Alan Sallabank takes a look at the (unintentionally confusingly named) MOTU HDX-SDI.
MOTU's website says...
Putting the Audio back in AV...
Capture and monitor up to 16 channels of audio (analog, AES/EBU or Embedded) at sample rates up to 96kHz. Employ Sony 9 pin machine control for advanced Batch Capture and Edit To Tape operations. Keep everything frame accurate using time code and video reference.
Introducing the MOTU HDX-SDI
Here's a little product that's really unknown in the audio world, mainly because it's primarily marketed as a video only device, and doesn't list Pro Tools as compatible.
Given that it has no Mic Amp, or MIDI, you'd be forgiven for ignoring it.
But if you're running a Post Production Mix facility with surround sound, especially on Windows, then this might just be the device for you. It has HDMI and HD-SDI inputs and outputs (with up to 8 channels of embedded audio), 8 analogue inputs and outputs, 8 AES inputs and outputs, Video Reference and LTC inputs and outputs and a front panel headphone output.
Why especially with Windows? Well, when it was first launched it was one of the first Thunderbolt audio devices, AND fully compatible with Windows (with a Thunderbolt installation). Because it's primarily designed for use with NLEs such as Avid Media Composer and Premiere Pro, it is more than compatible with Windows, post Pro Tools 11, when they introduced the Avid Video Engine.
Let's take a look at the practicalities. First installing the drivers from MOTU....
On plugging in the Thunderbolt to my X99-A Thunderbolt equipped Windows PC, and turning on the HDX-SDI, the following comes up -
And once you select the correct autoconnect settings, Windows confirms it's happy -
Now this is where things get a little tricky if you have more than one video peripheral installed.
When they integrated the Avid Video Engine in to Pro Tools, maybe Avid's developers never thought that there might be an installation that has more than one video peripheral attached, so never wrote in the option to be able to select which device you want the AVE to output to. It appears to work in alphabetical order - if I have an AJA device connected as well as my BlackMagic, Pro Tools will default to using the AJA. If I have my BlackMagic attached at the same time as the MOTU, Pro Tools defaults to the BM. In the case of the AJA or MOTU I can simply disconnect them from the Thunderbolt, but my BM is PCIe, so I have to go the hacky route of disabling it in Device Manager, then rebooting Windows.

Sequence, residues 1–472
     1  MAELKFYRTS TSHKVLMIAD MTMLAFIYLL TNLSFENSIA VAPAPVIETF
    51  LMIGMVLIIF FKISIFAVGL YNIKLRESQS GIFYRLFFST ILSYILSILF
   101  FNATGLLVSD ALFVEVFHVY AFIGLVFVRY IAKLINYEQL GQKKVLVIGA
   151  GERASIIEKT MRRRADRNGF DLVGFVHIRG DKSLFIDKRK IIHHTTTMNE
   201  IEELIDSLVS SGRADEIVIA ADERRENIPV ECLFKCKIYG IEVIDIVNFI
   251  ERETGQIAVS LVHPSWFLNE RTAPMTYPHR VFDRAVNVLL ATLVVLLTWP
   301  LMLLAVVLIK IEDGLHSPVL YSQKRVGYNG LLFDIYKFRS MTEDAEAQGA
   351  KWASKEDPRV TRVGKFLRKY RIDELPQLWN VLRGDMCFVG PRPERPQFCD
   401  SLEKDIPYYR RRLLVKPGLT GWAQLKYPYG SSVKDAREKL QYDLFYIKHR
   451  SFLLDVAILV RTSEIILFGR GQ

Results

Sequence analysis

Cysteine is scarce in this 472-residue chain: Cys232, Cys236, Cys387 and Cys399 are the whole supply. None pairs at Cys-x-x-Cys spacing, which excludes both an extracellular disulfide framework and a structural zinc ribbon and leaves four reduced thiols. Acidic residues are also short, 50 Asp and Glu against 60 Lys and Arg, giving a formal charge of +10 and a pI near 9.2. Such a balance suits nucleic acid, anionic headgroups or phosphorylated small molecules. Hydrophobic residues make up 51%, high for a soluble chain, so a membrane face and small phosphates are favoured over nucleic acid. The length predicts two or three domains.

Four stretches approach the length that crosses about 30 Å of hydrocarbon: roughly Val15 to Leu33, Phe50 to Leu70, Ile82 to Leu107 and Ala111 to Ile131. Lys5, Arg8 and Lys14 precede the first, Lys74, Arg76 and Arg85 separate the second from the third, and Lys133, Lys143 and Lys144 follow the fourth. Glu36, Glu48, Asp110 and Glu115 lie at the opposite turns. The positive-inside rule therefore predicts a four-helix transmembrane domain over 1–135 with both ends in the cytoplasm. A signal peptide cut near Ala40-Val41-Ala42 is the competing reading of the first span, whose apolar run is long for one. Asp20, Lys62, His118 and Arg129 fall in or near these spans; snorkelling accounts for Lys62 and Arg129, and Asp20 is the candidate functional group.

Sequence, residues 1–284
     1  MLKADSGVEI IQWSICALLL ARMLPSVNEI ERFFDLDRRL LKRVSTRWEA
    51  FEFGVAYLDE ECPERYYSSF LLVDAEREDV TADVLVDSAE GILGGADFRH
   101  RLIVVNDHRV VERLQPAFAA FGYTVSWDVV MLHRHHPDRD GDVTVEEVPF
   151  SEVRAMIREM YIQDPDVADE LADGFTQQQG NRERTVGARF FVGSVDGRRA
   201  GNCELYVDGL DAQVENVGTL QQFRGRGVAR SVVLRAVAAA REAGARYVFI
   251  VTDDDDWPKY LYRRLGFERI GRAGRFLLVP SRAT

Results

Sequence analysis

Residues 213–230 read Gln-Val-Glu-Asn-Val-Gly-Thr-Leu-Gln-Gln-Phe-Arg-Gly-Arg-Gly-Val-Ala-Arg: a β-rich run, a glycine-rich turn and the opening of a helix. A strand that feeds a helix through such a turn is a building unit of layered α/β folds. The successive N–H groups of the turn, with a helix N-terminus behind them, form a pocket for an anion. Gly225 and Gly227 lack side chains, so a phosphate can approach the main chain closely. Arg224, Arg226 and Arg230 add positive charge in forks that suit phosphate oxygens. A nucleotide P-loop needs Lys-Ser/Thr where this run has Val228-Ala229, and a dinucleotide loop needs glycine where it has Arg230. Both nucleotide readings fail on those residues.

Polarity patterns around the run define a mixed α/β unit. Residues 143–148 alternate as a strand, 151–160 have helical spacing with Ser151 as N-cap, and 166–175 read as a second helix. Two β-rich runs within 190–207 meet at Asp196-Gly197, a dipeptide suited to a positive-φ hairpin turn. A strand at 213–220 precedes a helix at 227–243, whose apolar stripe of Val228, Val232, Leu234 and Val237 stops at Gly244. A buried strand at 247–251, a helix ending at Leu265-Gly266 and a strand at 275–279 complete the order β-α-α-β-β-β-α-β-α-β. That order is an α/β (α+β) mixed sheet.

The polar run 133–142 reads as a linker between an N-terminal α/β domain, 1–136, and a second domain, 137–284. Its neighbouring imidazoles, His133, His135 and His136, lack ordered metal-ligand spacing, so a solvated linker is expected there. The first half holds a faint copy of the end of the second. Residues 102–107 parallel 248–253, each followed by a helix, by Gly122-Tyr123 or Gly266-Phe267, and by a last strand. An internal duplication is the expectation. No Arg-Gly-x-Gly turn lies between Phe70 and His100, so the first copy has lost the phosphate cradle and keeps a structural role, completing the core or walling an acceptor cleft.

An Apple A Day Keeps The HDX-SDI Away?
Those of you of a fruity persuasion will have by now noticed that I'm banging on about Windows. There's a good reason for this. I had hoped to be able to do a direct AB comparison between my MacBook Pro and my Windows machine, both running Pro Tools 12.4HD and connected to the MOTU via Thunderbolt. However, my MBP is currently running Yosemite, and it seems that MOTU driver development for the HDX-SDI stopped at Mavericks. Unlike Windows 10 which seems happy on the whole with Windows 8 drivers, Yosemite won't recognise the MOTU device, either as a video peripheral or as an audio device. Which is a massive shame. More about this later in the summing up.
Using the HDX-SDI
The MOTU Video app gives you all the options you'd expect from a video peripheral.
You can choose the usual selection of video formats, and there's a neat little audio patchbay to choose which of the 16 outputs go to analogue, AES or embedded HDMI.
Pro Tools allows you to select the MOTU PCI Video ASIO as the playback engine, and off you go.
So far so good, and to the untrained eye, the video playback seems steady and responsive. The sound quality is what I'd describe as average - perfectly good enough, but not quite as good as my RME.
This is where we start to see something alarming happening.
At the beginning of the test, it is very impressive - the latency seems constant and very consistent, but then after about ten seconds, it gets progressively further out of sync. This happens on every playback.
Maybe it needs a video sync reference? If it did, I can't find any way to then get this into Pro Tools.
I had really high hopes for this unit. On paper it's an incredibly handy and competitively priced device, with Thunderbolt and the ability to output embedded HDMI, which I was especially interested in. I wanted to get a HDMI preamp, to be able to directly compare my Pro Tools output with DVDs, BluRay, even off-air, and have the preamp look after sync compensation using HDMI Lipsync. That would be fine, if I could trust the playback.
I was not able to get Pro Tools to see any of the machine control functions, the video sync reference or the timecode section. It seems that Avid have this sewn up with their SyncHD.
I am also concerned that MOTU now treat this as a legacy unit. You could understand why - tape acquisition and delivery are very much on the decline nowadays. AVB is also upon us, but I have yet to find an AVB video interface that would directly interface with Pro Tools. There is a lot of specialist AVB video equipment around, but nothing specifically audio related.
There is also no support for Apple users on anything later than Mavericks. It's not just a case of being unsupported, it won't even recognise the unit.
I am guessing that it really hasn't occurred to MOTU that this unit, or a modern revamp of it, could be very desirable to Pro Tools users.
MOTU - If you do a revamp, I'd suggest a video playback only unit, still with Thunderbolt (though maybe also add USB3), with the ability for all the audio outputs (including the HDMI embedded) to be available to an AVB stream and patch matrix. Maybe even chuck in a couple of Mic amps and some MIDI. Now that would be wicked.
- Asus X99-A with Intel i7 5820
- 16GB DDR4 RAM
- Nvidia GTX660Ti GPU
- Samsung 850EVO System and Media Drives
- Thunderbolt 2
- RME Fireface 802
- Windows 10 Pro 64bit
- Pro Tools 12.4HD. Eucon 3.3.2.